Ice and heat therapy

Applying ice packs to the affected area can help reduce inflammation and pain. Heat therapy, such as warm compresses or a heating pad, can also be helpful in promoting blood flow and relaxation of the muscles.

Physical therapy

Physical therapists can help develop an exercise program to strengthen the muscles and improve range of motion in the foot and ankle. They may also use techniques such as massage, ultrasound, or electrical stimulation to reduce inflammation and pain.


Over-the-counter pain relievers such as acetaminophen and nonsteroidal anti-inflammatory drugs (NSAIDs) like ibuprofen can help relieve pain and reduce inflammation.


Wearing custom-made shoe inserts or orthotic devices can help support the foot and ankle, relieve pressure on the peroneal tendons, and reduce the risk of further injuries.

In severe cases of peroneal tendonitis that do not respond to non-surgical treatments, surgery may be necessary. There are a few surgical treatment options that may be recommended, depending on the specific case:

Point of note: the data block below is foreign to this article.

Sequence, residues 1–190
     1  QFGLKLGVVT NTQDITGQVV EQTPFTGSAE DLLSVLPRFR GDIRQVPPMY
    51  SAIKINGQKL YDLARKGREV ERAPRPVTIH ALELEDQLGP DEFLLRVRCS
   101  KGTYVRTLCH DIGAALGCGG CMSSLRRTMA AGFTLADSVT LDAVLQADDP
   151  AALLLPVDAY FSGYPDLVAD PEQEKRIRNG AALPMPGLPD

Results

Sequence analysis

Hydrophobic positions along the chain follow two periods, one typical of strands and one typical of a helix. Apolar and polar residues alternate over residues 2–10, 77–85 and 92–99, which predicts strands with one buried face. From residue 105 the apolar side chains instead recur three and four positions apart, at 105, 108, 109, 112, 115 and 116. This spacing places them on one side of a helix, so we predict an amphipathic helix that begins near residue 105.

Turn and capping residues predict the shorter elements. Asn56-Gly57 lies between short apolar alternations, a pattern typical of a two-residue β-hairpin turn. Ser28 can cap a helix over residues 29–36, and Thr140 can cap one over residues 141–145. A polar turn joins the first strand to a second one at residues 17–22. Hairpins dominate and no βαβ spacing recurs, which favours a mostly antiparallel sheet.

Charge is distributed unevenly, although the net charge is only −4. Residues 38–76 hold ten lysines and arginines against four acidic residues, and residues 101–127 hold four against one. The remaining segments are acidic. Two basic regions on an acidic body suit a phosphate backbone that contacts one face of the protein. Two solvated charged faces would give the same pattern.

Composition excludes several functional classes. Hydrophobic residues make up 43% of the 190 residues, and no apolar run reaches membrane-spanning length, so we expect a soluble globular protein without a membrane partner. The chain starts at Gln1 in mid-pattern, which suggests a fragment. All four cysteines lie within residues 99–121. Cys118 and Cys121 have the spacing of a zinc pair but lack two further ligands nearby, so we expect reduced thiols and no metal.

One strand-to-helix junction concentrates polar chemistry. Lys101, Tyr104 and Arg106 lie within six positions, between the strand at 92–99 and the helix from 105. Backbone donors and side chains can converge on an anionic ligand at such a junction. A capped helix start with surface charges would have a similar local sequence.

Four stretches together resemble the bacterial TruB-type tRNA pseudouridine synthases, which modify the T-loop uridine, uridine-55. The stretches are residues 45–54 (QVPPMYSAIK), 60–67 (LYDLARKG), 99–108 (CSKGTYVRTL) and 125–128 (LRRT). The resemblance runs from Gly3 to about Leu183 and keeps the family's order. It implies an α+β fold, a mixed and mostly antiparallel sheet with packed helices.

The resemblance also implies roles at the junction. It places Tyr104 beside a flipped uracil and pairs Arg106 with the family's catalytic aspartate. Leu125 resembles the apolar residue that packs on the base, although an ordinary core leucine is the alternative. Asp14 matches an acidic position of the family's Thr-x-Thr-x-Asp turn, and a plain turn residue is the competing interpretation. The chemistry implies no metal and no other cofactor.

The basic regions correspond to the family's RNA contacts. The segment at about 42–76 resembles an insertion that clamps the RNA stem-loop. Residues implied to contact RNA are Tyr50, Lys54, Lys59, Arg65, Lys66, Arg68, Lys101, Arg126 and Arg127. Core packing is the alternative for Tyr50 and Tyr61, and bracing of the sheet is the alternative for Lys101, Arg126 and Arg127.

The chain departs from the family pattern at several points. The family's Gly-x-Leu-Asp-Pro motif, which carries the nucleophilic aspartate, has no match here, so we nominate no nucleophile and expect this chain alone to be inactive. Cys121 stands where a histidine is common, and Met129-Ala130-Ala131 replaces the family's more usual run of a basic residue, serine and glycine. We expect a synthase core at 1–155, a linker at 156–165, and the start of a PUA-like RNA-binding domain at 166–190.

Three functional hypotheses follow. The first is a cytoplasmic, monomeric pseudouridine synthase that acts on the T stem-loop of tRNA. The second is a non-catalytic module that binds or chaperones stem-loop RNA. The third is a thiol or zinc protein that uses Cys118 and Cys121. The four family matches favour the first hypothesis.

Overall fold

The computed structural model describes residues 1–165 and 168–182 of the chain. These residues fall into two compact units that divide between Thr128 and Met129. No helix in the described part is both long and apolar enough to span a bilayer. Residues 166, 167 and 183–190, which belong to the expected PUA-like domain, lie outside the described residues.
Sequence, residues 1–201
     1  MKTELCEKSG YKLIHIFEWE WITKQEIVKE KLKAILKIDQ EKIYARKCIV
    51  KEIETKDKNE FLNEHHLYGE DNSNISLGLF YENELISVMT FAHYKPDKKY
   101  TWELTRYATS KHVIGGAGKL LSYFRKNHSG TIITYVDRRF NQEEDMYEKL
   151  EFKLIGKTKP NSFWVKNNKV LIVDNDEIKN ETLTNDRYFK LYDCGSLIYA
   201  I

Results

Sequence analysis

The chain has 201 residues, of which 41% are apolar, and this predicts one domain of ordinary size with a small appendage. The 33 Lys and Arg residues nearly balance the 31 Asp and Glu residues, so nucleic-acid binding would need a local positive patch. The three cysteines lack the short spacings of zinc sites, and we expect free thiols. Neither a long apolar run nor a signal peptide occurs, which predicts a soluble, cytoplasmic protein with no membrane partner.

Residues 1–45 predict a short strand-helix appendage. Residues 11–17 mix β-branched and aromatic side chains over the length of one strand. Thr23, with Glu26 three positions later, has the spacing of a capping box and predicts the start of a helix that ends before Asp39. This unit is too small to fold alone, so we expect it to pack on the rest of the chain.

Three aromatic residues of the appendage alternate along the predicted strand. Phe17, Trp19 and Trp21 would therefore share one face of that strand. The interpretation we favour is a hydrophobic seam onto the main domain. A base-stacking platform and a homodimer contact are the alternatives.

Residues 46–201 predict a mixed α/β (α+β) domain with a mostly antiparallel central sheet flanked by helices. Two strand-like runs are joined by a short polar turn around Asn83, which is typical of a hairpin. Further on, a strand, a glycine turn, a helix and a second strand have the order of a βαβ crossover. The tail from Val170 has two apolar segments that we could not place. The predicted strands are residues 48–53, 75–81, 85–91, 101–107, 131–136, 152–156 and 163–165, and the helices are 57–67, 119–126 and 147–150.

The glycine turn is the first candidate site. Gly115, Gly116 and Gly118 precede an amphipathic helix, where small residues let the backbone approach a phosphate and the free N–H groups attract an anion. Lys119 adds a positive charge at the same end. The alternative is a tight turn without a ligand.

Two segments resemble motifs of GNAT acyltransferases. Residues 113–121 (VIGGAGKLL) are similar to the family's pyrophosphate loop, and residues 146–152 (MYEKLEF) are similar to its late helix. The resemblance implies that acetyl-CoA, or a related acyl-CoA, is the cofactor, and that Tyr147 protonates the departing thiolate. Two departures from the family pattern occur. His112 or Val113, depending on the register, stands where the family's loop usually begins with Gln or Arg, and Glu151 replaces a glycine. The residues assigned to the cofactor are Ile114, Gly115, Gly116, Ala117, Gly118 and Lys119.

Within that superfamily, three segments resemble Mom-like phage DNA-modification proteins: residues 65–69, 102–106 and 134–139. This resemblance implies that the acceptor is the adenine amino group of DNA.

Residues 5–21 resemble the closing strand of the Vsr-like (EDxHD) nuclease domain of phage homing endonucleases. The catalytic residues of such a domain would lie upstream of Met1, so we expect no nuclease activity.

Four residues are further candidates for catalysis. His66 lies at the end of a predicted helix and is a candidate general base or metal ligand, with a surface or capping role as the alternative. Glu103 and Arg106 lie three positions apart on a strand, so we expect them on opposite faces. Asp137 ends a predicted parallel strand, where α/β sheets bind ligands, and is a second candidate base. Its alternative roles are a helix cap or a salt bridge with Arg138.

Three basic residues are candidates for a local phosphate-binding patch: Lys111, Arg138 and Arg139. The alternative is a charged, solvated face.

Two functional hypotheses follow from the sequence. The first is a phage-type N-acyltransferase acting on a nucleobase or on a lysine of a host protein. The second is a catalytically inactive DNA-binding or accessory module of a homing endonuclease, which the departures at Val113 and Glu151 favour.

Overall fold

Tendon debridement

In this procedure, the damaged tissue in the peroneal tendons is removed, and the healthy tissue is repaired.

Tendon transfer

If one of the peroneal tendons is too damaged to be repaired, a nearby tendon may be transferred to take its place.


If peroneal tendonitis has caused damage to the ankle bone, an osteotomy may be performed to reshape or reposition the bone, relieving pressure on the tendons.


This minimally invasive surgery involves the insertion of a small camera and instruments into the ankle joint to remove any inflamed tissue, smooth out bone spurs, or repair any damage to the peroneal tendons.


This involves moving the peroneal tendons to a new location, such as in front of the ankle, to help prevent future damage.

Recovery and Rehabilitation

Here are some tips for recovering from peroneal tendonitis and returning to normal activities:


The first step in recovering from peroneal tendonitis is to rest the affected area. Avoid activities that aggravate the pain and swelling.


Applying ice to the affected area can help reduce pain and swelling. Apply ice for 20 minutes at a time, several times a day.


Using compression wraps or compression socks can help reduce swelling and provide support to the affected area.


Elevating the affected leg above heart level can help reduce swelling.

Physical therapy

Physical therapy can help in strengthening and stretching the peroneal muscles and tendons, improving flexibility, and restoring normal range of motion.